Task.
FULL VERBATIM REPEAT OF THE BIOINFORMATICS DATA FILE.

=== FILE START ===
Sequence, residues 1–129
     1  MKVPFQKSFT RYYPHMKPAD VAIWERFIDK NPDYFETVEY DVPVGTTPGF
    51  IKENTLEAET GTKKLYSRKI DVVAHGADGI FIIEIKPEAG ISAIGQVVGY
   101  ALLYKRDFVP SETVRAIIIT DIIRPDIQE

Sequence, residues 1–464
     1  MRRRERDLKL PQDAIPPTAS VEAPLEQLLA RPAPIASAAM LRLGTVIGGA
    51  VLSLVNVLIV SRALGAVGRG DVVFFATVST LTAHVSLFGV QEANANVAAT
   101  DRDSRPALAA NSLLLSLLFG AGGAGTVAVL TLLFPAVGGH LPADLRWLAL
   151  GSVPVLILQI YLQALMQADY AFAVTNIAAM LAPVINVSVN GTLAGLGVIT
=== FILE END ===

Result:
Sequence, residues 1–129
     1  MKVPFQKSFT RYYPHMKPAD VAIWERFIDK NPDYFETVEY DVPVGTTPGF
    51  IKENTLEAET GTKKLYSRKI DVVAHGADGI FIIEIKPEAG ISAIGQVVGY
   101  ALLYKRDFVP SETVRAIIIT DIIRPDIQE

Sequence, residues 1–464
     1  MRRRERDLKL PQDAIPPTAS VEAPLEQLLA RPAPIASAAM LRLGTVIGGA
    51  VLSLVNVLIV SRALGAVGRG DVVFFATVST LTAHVSLFGV QEANANVAAT
   101  DRDSRPALAA NSLLLSLLFG AGGAGTVAVL TLLFPAVGGH LPADLRWLAL
   151  GSVPVLILQI YLQALMQADY AFAVTNIAAM LAPVINVSVN GTLAGLGVIT